Bombs in Our Backyards

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The hospitals prepared for an influx of wounded that never came. People either escaped or they died. The youngest victim was four years old; the oldest was 93. In all, 47 people died on the night of July 6, 2013, when an out-of-control oil train carrying Bakken crude oil derailed in the small Quebec town of Lac-Mégantic, 22 miles from the U.S. border. The fireball that destroyed half of Lac-Mégantic burned for two days. Seven victims were never found. According to the coroner’s office, they were “completely vaporized.” The few town buildings that survived the conflagration were later razed because of oil contamination. Lac-Mégantic was obliterated.

The railroad operator has since gone bankrupt, forcing the community and local government to shoulder the cost — close to $2 billion — of cleaning up and rebuilding the town.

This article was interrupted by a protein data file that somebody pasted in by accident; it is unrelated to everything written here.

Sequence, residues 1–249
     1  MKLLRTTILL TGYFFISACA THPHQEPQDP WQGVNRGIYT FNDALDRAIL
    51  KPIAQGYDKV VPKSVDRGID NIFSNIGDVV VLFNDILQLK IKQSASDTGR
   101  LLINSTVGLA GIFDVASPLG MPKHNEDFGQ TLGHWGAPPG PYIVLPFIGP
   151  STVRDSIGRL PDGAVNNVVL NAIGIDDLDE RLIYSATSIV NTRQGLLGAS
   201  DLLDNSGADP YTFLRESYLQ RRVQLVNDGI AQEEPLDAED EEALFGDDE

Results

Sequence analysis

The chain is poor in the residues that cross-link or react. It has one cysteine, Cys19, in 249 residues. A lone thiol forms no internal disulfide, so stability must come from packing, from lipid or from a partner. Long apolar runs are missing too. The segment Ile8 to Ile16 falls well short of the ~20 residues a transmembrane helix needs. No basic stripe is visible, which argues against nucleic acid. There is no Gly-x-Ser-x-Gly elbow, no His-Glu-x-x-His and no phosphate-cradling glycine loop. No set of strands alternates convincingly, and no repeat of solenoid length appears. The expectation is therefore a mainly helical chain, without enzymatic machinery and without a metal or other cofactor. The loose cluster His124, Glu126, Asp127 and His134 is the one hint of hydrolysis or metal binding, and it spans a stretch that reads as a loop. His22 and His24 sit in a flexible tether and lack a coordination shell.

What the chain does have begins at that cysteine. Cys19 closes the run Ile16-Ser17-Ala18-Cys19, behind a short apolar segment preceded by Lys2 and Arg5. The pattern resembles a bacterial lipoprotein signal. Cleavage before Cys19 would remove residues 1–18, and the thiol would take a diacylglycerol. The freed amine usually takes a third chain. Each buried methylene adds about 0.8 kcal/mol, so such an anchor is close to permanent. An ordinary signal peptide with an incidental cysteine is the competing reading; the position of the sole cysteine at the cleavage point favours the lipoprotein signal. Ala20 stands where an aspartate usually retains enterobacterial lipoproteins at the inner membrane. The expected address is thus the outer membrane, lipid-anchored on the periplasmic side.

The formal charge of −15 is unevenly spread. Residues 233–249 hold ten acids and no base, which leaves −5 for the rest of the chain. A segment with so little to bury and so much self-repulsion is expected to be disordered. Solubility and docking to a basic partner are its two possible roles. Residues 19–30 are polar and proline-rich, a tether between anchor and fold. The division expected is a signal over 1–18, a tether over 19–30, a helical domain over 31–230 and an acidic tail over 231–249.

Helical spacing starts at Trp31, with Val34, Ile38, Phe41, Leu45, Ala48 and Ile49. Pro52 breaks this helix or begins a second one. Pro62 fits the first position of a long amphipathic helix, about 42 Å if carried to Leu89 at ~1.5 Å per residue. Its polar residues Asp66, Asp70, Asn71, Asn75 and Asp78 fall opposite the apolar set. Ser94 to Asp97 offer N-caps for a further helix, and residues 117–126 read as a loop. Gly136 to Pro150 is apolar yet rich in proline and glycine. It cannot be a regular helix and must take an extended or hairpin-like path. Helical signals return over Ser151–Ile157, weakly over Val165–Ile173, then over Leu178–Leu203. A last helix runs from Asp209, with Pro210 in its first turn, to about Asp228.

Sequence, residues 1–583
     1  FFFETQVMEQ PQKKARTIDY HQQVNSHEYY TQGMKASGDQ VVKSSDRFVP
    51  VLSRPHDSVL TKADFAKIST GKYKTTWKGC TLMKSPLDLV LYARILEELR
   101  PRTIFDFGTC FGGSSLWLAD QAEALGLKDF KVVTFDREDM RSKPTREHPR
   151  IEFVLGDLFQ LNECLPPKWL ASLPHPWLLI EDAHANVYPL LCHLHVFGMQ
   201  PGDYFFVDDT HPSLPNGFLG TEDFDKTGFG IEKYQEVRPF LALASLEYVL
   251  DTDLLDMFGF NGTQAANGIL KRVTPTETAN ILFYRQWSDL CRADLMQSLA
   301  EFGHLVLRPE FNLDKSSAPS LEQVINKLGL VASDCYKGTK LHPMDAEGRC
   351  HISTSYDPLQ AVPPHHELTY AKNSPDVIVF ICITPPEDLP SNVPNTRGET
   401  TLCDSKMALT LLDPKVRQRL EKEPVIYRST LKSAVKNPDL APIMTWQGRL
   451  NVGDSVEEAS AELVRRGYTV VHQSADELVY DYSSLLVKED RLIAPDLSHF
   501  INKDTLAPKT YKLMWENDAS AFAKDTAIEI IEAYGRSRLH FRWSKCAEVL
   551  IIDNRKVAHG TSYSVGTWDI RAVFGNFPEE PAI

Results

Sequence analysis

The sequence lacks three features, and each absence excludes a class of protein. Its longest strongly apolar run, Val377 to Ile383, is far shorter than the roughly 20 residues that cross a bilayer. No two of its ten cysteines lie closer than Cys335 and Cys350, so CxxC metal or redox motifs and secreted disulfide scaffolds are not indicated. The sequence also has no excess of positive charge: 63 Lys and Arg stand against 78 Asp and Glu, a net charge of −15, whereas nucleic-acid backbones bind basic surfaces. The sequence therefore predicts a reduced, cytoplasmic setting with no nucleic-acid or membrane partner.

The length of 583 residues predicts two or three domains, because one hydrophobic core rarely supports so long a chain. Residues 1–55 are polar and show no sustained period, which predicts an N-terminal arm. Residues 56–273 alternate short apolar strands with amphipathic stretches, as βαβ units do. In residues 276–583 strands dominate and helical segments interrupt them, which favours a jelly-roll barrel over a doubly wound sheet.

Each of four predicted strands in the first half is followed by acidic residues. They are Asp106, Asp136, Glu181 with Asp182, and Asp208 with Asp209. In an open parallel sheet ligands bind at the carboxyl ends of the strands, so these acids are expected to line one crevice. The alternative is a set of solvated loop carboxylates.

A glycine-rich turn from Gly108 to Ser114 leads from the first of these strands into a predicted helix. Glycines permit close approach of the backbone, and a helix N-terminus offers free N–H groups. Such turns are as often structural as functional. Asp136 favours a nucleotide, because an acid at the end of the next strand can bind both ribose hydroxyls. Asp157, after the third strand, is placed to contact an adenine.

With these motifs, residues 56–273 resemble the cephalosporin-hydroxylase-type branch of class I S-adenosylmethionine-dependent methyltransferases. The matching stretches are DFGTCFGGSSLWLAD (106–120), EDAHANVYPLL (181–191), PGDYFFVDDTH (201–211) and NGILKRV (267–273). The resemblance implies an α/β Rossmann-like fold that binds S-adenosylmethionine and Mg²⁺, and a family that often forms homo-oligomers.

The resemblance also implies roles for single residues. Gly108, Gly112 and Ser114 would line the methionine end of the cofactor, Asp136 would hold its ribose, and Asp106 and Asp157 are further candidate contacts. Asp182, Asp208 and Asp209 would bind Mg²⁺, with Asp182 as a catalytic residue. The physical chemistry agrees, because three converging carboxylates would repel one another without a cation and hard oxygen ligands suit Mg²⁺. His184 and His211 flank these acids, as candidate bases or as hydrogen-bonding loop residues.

Read more at Coming Clean

Issues: Environmental Protection, Fossil Fuels, Oil

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About the Author

Michael Brune

Executive Director, Sierra Club

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Michael Brune is the executive director of the Sierra Club and the author of Coming Clean: Breaking America’s Addiction to Oil and Coal (2010). During Brune’s nearly three years as the Sierra Club’s executive director, the organization has grown to more than two million supporters, and its Beyond Coal campaign has been recognized as one […]

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